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Hurricane Ian gives the performing arts community another blow after COVID

FL Rep.jpg
Florida Repertory Theatre via Facebook
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Florida Repertory Theatre's historic Arcade Theatre suffered extensive damage from Hurricane Ian, but the company plans to reopen by the end of October

As theaters in Southwest Florida enter a new season in the wake of Hurricane Ian, the performing arts community has more attendance challenges ahead after two years of struggling through the pandemic, local theaters say.

Florida Repertory Theatre

Florida Repertory Theatre in downtown Fort Myers suffered massive flood inundation from Hurricane Ian. The company’s historic Arcade Theatre, ArtStage Studio Theatre and all first-floor facilities flooded with nearly four feet of storm surge. Ian also left a hole in the roof. Administrative offices have been vacated due to water damage.

Florida Rep. Artistic Director Greg Longenhagen said that the theater was already in a tough spot after the pandemic and that the organization is going to need a lot of help. “It’s tough that this has happened now,” he said. “I feel like we’ve kind of earned our captain’s bars, at the very least, in how to get through tragedy of all kinds and weather that.”

“Sadly, our brand-new rehearsal hall, which we just opened last year, also received significant damage,” Longenhagen said. “We’ve cut out all of the drywall in virtually every storefront [and] every theater space in the Bradford block that was at street level because water got pretty much everywhere.”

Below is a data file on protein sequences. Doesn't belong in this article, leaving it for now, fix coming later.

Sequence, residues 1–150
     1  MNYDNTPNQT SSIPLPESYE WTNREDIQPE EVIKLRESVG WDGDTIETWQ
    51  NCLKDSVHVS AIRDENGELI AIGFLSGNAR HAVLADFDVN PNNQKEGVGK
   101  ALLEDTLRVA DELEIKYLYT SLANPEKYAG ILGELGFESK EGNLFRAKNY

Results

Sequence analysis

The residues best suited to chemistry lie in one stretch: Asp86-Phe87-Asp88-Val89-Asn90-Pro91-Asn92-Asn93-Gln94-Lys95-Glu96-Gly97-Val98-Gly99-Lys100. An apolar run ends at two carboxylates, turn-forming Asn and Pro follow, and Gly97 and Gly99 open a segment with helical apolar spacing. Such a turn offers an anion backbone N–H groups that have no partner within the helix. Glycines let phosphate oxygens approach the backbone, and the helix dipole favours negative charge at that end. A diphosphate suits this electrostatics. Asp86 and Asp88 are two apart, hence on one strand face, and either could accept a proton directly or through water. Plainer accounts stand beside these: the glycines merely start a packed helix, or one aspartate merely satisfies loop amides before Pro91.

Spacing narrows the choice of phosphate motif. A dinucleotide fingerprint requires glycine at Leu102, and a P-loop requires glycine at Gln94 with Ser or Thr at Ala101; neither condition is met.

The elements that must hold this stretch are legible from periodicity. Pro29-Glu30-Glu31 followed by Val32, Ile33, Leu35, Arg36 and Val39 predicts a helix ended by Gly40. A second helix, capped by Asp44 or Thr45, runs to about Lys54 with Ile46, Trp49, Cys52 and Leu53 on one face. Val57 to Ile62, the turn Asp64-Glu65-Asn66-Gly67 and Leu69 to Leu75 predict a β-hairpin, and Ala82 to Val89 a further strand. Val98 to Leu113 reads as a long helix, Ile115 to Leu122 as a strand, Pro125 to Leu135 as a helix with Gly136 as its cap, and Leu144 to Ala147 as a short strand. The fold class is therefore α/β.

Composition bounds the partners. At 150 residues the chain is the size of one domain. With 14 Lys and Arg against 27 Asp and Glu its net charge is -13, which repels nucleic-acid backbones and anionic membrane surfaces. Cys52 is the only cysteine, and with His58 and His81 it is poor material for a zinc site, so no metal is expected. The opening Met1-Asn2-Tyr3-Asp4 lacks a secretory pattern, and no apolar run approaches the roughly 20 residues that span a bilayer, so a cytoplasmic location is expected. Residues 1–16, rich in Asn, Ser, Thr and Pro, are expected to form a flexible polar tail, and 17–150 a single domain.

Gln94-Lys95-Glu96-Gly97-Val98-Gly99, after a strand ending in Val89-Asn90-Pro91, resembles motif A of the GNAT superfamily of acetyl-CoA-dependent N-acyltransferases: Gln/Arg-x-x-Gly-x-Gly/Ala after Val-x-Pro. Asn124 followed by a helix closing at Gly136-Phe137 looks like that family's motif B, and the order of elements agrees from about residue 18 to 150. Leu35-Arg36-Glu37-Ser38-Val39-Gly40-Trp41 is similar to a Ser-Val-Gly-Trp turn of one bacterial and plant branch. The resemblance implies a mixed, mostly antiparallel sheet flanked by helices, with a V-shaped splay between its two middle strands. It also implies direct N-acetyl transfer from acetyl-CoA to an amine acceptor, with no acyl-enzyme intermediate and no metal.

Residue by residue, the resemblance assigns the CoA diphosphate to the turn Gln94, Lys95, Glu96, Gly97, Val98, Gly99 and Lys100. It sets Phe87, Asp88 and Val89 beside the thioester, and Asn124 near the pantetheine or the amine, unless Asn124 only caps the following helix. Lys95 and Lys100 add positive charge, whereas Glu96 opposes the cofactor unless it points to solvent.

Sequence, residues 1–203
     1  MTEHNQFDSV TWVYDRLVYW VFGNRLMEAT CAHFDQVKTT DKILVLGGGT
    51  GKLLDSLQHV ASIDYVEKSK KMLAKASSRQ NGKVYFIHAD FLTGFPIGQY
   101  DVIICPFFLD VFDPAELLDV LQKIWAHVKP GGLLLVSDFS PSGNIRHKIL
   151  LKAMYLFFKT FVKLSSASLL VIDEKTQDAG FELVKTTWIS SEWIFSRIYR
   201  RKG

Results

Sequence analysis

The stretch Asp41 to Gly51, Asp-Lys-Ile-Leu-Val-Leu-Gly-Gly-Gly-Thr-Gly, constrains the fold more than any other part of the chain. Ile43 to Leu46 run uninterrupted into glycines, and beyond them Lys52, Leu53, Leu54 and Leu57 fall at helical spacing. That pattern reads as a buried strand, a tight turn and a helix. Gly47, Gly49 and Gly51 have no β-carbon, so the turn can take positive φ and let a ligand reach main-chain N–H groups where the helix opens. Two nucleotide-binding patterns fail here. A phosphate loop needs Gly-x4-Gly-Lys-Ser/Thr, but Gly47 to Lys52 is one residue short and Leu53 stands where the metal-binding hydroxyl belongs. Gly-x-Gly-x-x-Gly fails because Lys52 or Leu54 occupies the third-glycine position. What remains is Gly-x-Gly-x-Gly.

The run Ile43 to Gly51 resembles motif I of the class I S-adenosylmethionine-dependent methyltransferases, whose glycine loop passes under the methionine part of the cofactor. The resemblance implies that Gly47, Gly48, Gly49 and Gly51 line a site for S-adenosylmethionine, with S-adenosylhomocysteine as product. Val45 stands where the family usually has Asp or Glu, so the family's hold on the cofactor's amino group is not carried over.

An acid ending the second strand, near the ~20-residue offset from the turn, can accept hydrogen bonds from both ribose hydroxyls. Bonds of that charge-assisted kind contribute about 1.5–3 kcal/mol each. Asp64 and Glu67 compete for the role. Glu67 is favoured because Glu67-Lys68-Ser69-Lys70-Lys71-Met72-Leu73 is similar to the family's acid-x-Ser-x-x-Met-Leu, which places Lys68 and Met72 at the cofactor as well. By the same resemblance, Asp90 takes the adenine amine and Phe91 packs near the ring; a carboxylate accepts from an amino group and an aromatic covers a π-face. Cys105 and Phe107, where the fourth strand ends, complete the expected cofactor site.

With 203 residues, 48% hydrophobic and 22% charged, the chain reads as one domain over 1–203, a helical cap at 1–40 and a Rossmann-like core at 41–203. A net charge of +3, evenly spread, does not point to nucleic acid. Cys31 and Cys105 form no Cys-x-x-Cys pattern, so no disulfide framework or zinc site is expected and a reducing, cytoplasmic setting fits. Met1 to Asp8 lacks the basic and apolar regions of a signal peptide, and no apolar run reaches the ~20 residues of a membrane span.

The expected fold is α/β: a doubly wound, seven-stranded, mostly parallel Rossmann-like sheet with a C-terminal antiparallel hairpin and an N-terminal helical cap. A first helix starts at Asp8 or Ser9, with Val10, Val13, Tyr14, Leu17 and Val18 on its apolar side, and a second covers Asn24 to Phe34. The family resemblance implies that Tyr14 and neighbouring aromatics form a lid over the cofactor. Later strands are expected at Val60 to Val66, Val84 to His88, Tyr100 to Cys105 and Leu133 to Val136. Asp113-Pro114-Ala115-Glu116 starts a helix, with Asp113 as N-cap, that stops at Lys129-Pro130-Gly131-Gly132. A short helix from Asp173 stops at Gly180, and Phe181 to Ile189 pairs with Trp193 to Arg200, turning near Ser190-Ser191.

Before the hurricane, Florida Rep was entering its 25th season with the play “Lady Day at Emerson’s Bar & Grill,” but the damage the theater sustained prevented that from happening. It is now remounting the show at the Alliance for the Arts’ Foulds Theatre.

Longenhagen said the theater plans to reopen at the end of October. “We will probably see some lower numbers coming to the theater for the fact that a lot of folks are not only in shock of what’s happened, but I know we have patrons who may not have a home to go to,” he said.

The building was built in 1915 and housed a vaudeville theater and a movie theater before it became home to Florida Repertory in 1998.

“My hope is that people will find it in their hearts and see how important it is and what a gem it is that we have this wonderful arts organization right here in the center of Fort Myers…and want to help,” he said. “It would be a real shame if this went away because of this terrible storm.”